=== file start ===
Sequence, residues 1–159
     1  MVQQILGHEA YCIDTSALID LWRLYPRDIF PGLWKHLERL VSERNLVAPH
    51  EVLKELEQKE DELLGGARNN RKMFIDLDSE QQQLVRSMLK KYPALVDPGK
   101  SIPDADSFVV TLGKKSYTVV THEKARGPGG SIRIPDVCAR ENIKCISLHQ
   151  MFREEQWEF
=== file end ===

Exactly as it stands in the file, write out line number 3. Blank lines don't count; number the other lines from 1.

    51  EVLKELEQKE DELLGGARNN RKMFIDLDSE QQQLVRSMLK KYPALVDPGK